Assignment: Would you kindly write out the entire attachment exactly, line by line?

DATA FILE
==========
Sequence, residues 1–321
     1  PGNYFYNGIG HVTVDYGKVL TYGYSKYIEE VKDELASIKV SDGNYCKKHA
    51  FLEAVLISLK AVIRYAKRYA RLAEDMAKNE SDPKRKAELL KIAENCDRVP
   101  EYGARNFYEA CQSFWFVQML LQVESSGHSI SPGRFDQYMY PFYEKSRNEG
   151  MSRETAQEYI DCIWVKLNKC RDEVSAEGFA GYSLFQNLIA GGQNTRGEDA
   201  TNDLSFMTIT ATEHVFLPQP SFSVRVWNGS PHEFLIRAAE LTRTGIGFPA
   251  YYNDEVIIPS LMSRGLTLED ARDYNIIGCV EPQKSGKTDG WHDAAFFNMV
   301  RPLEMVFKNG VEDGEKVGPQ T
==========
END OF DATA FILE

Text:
Sequence, residues 1–321
     1  PGNYFYNGIG HVTVDYGKVL TYGYSKYIEE VKDELASIKV SDGNYCKKHA
    51  FLEAVLISLK AVIRYAKRYA RLAEDMAKNE SDPKRKAELL KIAENCDRVP
   101  EYGARNFYEA CQSFWFVQML LQVESSGHSI SPGRFDQYMY PFYEKSRNEG
   151  MSRETAQEYI DCIWVKLNKC RDEVSAEGFA GYSLFQNLIA GGQNTRGEDA
   201  TNDLSFMTIT ATEHVFLPQP SFSVRVWNGS PHEFLIRAAE LTRTGIGFPA
   251  YYNDEVIIPS LMSRGLTLED ARDYNIIGCV EPQKSGKTDG WHDAAFFNMV
   301  RPLEMVFKNG VEDGEKVGPQ T